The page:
Though the Texas House Speaker has refused to speak publicly in regard to the potential appointment of a far-left extremist who compared law-abiding gun owners to terrorists, he may now be considering an even worse candidate for the position.

In the wake of the outrage over Speaker Joe Straus’s apparent plan to appoint the anti-gun zealot Anne Wynne as a speech regulator, the San Antonio Republican enlisted the Texas House Republican Caucus to help him distance himself from Wynne’s controversial statements. Perhaps because no lawmaker wanted to put their personal reputation behind the claim, the caucus released an unattributed statement defending Straus.

“As a Caucus, we have great confidence Speaker Straus will select the best possible Democrat to serve on the Texas Ethics Commission.”

But who is the “best possible Democrat?”  And where does Straus intend to wrangle such a unicorn?

Though Straus has stated through a spokesman that a formal application process is yet to begin, records obtained from his office by Texas Scorecard reveal that at least one more individual has been recommended for appointment— Democrat Chris Bell.

Texans will remember Chris Bell for his failed gubernatorial campaign against Gov. Rick Perry in 2006. Bell lost the race by a large margin, and afterward sought Perry’s support in obtaining a lobbying job in DC. When Perry refused, Bell launched a multi-million dollar lawsuit against Perry and the Republican Governor’s Association (RGA) alleging that they had violated campaign finance laws.

Though Bell extracted an early legal settlement from Rick Perry, who was preparing to launch a presidential campaign, the RGA refused to give in to Bell’s demands. After eight years of litigation, Bell lost and was ordered to pay $300,000 to the RGA before ultimately settling with the organization.

It wasn’t the first time Bell tried to use the law to penalize his political opponents only to lose years later—in fact, Bell had already used the same strategy before.

After losing re-election to Congress in 2004, Bell filed complaints against U.S. House Majority Leader Tom DeLay (R-TX) accusing him of money laundering and violating campaign finance laws. The charges began a decade-long ordeal for DeLay who was forced to resign from Congress and spend more than $10 million defending himself from being sentenced to prison. Though the legal battle took over ten years, DeLay was ultimately vindicated and found innocent of all charges.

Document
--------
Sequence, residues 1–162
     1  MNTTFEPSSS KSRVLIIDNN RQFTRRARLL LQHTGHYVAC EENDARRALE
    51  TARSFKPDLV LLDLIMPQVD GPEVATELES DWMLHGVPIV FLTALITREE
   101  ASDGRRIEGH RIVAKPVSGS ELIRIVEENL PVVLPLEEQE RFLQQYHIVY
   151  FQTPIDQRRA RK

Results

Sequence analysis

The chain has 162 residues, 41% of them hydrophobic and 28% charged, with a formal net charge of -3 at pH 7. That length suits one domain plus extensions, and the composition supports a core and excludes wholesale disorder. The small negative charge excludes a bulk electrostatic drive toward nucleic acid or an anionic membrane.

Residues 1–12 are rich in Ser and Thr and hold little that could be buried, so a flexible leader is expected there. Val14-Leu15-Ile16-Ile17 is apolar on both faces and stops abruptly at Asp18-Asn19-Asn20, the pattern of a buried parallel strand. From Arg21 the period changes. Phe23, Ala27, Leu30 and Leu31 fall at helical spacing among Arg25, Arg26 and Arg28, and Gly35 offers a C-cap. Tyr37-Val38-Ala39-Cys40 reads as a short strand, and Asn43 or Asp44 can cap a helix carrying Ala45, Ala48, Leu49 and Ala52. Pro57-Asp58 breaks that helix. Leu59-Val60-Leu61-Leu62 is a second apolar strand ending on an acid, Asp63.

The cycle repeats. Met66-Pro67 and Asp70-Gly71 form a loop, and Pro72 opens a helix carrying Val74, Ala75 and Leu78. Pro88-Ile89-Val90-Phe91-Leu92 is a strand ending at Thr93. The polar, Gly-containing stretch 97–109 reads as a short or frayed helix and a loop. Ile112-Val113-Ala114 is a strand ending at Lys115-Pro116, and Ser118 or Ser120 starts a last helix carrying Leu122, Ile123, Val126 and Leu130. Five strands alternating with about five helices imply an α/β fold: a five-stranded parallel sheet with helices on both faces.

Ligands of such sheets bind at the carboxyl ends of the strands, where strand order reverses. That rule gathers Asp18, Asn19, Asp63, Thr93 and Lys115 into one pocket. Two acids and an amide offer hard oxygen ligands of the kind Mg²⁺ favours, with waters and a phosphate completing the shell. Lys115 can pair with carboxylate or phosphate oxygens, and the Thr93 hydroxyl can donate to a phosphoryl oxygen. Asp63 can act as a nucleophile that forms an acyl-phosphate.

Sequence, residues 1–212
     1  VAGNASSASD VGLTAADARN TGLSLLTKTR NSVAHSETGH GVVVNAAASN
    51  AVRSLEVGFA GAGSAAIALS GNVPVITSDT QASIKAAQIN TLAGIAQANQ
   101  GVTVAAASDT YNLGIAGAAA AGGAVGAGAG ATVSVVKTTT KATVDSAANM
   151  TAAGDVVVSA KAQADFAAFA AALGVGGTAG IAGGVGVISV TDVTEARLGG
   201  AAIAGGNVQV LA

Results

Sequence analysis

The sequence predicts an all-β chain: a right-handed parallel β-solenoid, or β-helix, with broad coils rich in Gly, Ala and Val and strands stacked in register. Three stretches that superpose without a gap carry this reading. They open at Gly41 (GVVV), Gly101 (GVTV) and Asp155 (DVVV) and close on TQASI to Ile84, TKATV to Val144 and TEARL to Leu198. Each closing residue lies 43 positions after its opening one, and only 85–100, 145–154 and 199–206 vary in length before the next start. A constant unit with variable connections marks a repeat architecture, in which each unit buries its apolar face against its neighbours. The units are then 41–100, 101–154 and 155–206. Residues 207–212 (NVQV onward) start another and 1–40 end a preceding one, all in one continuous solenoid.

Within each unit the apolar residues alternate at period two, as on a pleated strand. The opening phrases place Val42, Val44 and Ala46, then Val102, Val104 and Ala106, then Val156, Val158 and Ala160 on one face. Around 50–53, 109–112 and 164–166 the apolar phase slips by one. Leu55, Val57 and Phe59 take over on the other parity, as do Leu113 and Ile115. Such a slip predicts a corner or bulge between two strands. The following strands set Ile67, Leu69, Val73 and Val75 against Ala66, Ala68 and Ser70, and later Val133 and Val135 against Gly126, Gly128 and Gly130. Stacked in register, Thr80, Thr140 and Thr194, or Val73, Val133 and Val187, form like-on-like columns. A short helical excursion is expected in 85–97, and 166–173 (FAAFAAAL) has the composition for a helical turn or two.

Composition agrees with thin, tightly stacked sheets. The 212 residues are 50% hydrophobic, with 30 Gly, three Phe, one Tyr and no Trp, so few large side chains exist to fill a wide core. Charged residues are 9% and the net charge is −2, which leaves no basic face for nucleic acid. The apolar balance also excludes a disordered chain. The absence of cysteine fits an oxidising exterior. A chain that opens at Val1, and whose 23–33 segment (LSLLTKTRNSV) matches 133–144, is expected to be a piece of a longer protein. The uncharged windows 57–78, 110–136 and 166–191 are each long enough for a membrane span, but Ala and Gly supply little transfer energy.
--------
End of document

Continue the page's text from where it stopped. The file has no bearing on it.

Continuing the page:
But rather than feel remorseful, Bell brags about initiating complaints against DeLay on his resume.

As far as candidates for the Texas Ethics Commission go, Chris Bell is perhaps the “worst possible Democrat” that Straus could appoint given his record of using the courts in an attempt to destroy the lives of his political opponents.

It is outrageous that Chris Bell is even being considered for a post he could use to criminalize conservatives and restrict their First Amendment rights.

There is no reason that Democrats like Bell, who hold views hostile to citizens’ constitutional liberties, should be entitled to half the positions on the TEC. Such an arrangement places far too much power in the hands of a party that has been soundly rejected by Texas voters for over two decades.

Until the Ethics Commission is abolished or fundamentally reformed, it will continue to be a roost from which Democrats can snipe at their ideological counterparts.

Cary Cheshire

Cary Cheshire is the Vice President of Texans for Fiscal Responsibility. A 6th Generation Texan, Cary attended Texas A&M University was active in a number of conservative causes including Ted Cruz's Senate campaign. He has also worked on campaigns to elect conservatives to Congress and the Texas Legislature. Cary enjoys college football, genealogy research, and the occasional craft beer.

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